The world is changing before our eyes. It is hard not to be bogged down with the constant drowning negative flow of news, to the devastation of global atrocities, to the natural disasters claimed to be caused by an environment that we are destroying, to the rising of nationalism in politics, to the seemingly unattainable achievement of our celebrities/heroes and lastly to denunciation of unity and togetherness. Is this the world we want to leave to our children?
Martin Luther King (MLK) welded his ideas around the notion of peace, unity and equality. He believed it was our responsibility to help bring balance to these forces for the sake of our children – he argued that we should not trade the future of our to children for our own personal safety and comfort. We should have the courage to ignore our selfish desires and the valor to stand up for what we believe is equitable.
From 1966 to 1970 people had the courage to imagine different realities. Yes, LSD played a pivotal role in facilitating people to expand their consciousness. LSD allowed users to become aware of other realities – other paths that the human race could take. It also highlighted possible realities hidden from them by the elite, agencies and government. Let me be clear I am not advocating the use of drugs, only merely commenting on history.
The rise in consciousness started to be broadcasted through music like the Beatles and Jimi Hendrix, through posters, fashion and festivals like Woodstock. These avenues helped spread the message of love and their movement of creating an enhanced reality. What was important about this counterculture was that it gave people a voice. It made people aware that in unity, they had a powerful voice to help invent the future they desired.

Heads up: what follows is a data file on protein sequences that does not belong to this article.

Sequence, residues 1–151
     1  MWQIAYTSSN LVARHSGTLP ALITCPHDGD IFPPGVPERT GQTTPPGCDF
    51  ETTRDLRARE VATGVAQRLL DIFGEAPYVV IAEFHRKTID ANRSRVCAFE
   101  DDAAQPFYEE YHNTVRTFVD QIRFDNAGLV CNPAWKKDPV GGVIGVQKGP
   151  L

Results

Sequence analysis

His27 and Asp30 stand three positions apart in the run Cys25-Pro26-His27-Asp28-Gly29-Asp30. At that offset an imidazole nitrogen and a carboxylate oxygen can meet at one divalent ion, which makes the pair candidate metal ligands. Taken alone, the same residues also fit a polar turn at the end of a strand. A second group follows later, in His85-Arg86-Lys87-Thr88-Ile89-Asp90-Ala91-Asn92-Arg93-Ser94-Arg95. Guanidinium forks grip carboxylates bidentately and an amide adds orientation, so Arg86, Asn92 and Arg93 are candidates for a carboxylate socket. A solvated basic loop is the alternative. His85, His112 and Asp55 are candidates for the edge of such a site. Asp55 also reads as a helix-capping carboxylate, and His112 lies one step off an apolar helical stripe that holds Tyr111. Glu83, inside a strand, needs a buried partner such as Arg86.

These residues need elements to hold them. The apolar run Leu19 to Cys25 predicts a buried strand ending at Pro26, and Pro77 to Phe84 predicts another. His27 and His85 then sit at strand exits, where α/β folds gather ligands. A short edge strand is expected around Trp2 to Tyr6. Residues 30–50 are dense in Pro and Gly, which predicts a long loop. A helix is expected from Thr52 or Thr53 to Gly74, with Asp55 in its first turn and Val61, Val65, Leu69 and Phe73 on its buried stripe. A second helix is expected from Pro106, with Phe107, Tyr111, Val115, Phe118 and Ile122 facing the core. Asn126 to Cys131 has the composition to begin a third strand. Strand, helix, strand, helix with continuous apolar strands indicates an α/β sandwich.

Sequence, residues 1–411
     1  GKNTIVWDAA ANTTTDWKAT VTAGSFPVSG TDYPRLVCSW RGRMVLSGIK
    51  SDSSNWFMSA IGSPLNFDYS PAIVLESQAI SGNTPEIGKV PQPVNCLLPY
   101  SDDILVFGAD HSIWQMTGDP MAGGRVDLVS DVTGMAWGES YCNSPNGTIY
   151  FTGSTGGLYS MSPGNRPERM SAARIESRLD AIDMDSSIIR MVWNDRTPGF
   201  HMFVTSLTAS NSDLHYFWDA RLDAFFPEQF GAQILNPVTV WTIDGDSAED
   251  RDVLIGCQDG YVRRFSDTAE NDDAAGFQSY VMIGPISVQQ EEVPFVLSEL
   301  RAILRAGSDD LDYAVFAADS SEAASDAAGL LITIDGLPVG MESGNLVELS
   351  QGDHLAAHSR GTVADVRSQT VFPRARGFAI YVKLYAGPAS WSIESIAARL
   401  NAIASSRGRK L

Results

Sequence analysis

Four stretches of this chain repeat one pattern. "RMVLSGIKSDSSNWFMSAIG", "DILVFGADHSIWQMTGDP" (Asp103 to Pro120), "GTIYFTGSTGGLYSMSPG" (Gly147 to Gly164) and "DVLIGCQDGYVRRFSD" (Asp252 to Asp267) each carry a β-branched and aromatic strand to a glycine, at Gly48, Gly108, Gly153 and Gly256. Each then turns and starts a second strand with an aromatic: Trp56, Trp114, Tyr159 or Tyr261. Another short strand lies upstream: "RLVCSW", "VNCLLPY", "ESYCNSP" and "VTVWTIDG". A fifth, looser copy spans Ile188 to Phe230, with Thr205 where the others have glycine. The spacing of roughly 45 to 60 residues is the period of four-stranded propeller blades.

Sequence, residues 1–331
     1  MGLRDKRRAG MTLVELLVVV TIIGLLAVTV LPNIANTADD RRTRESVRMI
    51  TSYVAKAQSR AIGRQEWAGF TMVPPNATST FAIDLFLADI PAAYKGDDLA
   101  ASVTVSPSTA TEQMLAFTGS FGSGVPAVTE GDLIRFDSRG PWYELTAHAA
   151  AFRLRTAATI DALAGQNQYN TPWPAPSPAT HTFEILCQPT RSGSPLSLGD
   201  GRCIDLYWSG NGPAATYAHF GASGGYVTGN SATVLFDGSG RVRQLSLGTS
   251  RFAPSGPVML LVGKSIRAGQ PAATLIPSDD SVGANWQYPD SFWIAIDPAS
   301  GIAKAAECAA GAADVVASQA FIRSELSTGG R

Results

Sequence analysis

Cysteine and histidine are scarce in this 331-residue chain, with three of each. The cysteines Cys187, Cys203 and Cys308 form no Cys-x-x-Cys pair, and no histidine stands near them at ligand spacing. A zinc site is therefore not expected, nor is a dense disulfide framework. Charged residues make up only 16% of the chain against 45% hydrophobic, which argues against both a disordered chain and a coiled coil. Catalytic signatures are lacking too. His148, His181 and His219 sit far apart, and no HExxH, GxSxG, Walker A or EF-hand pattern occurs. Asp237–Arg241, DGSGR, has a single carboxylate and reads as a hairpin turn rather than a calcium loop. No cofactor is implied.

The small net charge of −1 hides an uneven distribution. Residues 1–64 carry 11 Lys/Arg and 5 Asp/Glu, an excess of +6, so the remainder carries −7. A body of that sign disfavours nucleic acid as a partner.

Politics was still the tool used to drive this change, but the unified voice of this counterculture made the public aware of the problems facing society, for example black rights, women rights, gay rights, environmental issues and civil rights. All these acts were passed due to courage of this unified movement from 1966-1970:
- Sexual Offences Act 1967 – decriminalized homosexual acts in private between two men in England and Wales
- Abortion Act 1967 – legalised abortions by registered practitioners in April 1968
- Fair Housing Act 1968 – paved the way for equal housing opportunities irrespective of race or national origin in the USA
- Unanimous decision on Loving v. Virginia in the USA confirming that all race-based legal restrictions on marriage were unconstitutional
- New Version of Race Relations Act 1968 – replacing unsatisfactory efforts of 1965 act in the UK
- Theatres Act 1968 – abolishment of theatre censorship in the UK, power of theatre censorship originally belonged to Lord Chamberlain
- National Environmental Policy Act 1970 signed by Nixon for the creation of the Environmental Protection Agency (EPA)
There is a lot we can learn from these significant years. But where do we start?